Alberta’s oil sands are a major source of petroleum fuel. The petroleum exists as a thick and black oily substance called bitumen.
There is an estimated 170 billion barrels of recoverable bitumen in Alberta. But the bitumen is not easy to extract. It requires steam to separate it from the sand and results in large amounts of waste. Once it’s separated, it needs to be processed or diluted which requires mixing with other chemicals before it is shipped to other refineries. How is it shipped? One way is through pipelines.
What this means is that although Alberta’s oil sands deposits are situated in three areas of Northern Alberta, the oil itself runs a much further-reaching course.
As you can see in the picture below, pipelines weave through the province (and North America), carrying gallons of oil, chemicals, and pollutants underground, beneath our feet.
But they don’t often stay underground, as we all know, accidents do occur. According to a database by the Energy Resources Conservation Board and released by Global News, there have been an average of two crude oil spills a day for the past 37 years! This is a total of 28,666 crude oil spills and 31,453 spills of other pipeline substances.
Who is most affected by the impact of these spills? Particularly in Alberta, First Nations communities such as the Cree, Dené, and Métis people reside near the tar-sand deposits and along the Athabasca River where they are exposed to toxic contamination downstream from the oil reserves. These aboriginal groups subsist on fish and wild game, which put them at risk of consuming high levels of toxins accumulated from top-tier species. River pollution is an important issue as its affects spread and accumulate downstream. The North Saskatchewan River that runs through Edmonton contains from among other sources, pollution from gas extraction and processing.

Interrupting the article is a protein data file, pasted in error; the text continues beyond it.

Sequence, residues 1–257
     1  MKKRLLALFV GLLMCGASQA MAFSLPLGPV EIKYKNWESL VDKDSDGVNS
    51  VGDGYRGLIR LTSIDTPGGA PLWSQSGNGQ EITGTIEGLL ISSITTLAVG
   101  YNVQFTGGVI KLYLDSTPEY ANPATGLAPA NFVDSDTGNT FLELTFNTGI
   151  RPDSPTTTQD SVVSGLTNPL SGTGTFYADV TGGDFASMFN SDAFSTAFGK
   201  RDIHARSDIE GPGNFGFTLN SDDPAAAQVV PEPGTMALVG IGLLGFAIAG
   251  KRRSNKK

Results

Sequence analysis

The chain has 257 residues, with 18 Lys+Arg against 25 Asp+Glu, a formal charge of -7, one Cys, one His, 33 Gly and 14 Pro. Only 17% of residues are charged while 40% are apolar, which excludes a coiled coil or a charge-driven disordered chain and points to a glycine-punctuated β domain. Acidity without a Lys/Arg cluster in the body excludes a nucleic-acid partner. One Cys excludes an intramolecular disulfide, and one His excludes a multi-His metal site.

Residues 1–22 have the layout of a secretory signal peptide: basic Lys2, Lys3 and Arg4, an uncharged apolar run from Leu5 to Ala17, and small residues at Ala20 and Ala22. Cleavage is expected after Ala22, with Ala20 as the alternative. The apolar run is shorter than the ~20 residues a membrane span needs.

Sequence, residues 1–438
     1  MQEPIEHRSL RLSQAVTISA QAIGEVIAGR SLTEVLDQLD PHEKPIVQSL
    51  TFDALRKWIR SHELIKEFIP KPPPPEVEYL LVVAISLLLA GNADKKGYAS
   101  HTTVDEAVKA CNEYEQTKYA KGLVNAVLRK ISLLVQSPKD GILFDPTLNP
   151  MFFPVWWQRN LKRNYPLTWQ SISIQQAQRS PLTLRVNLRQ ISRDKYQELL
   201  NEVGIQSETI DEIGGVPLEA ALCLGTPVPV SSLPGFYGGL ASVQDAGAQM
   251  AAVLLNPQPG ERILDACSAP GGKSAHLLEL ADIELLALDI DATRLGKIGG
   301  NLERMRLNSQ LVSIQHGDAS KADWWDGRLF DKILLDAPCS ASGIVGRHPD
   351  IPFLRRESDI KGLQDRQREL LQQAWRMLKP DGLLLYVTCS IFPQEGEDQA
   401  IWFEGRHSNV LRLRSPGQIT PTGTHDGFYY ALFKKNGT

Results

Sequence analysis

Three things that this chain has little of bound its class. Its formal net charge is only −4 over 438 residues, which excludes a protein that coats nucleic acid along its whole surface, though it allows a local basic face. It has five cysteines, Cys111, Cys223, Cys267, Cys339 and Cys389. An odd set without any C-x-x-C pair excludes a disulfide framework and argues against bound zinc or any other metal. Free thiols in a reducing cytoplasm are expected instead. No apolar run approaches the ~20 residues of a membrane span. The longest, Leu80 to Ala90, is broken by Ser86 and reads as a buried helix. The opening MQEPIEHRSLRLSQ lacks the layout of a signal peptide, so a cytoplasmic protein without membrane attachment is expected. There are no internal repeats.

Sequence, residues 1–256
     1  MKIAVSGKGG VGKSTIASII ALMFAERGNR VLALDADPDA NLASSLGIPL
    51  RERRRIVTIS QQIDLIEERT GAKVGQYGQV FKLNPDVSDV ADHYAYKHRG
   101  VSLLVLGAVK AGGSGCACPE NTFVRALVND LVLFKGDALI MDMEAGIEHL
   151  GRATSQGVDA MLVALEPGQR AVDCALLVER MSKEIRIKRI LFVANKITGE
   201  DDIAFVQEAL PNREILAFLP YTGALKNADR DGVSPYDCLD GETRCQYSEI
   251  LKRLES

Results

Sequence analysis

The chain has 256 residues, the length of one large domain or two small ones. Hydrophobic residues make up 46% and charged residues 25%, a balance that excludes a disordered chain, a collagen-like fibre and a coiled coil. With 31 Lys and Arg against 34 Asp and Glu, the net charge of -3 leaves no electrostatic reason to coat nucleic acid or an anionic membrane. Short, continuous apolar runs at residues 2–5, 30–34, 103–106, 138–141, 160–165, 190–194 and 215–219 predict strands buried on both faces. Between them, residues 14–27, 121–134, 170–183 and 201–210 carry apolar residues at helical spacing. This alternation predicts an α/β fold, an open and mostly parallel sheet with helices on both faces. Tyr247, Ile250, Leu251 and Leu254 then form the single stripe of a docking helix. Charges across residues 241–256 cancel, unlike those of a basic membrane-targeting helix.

Environmental (in)justice is the idea that there is an unfair environmental burden that certain groups of people carry. They are more exposed to the environmental consequences of production and consumption sectors, of which they have less of a share in. Often these disadvantaged communities are areas of high concentrations of low income, education, and wealth. Environmental justice can also be an issue of race or environmental racism.
The aim of this research project is to analyze the Alberta oil sands from an environmental justice perspective using GIS spatial analyses. Using geographically weighted regression, we try to quantify the relationship between socio-economic and racial factors to incidents of substance release by oil and gas companies in Alberta with a focus on Edmonton. Can GIS be used as a tool to analyze and understand the extent of environmental injustice in the Alberta oil sands? As well, we explore the complications that arise with using spatial analyses to evaluate environmental justice.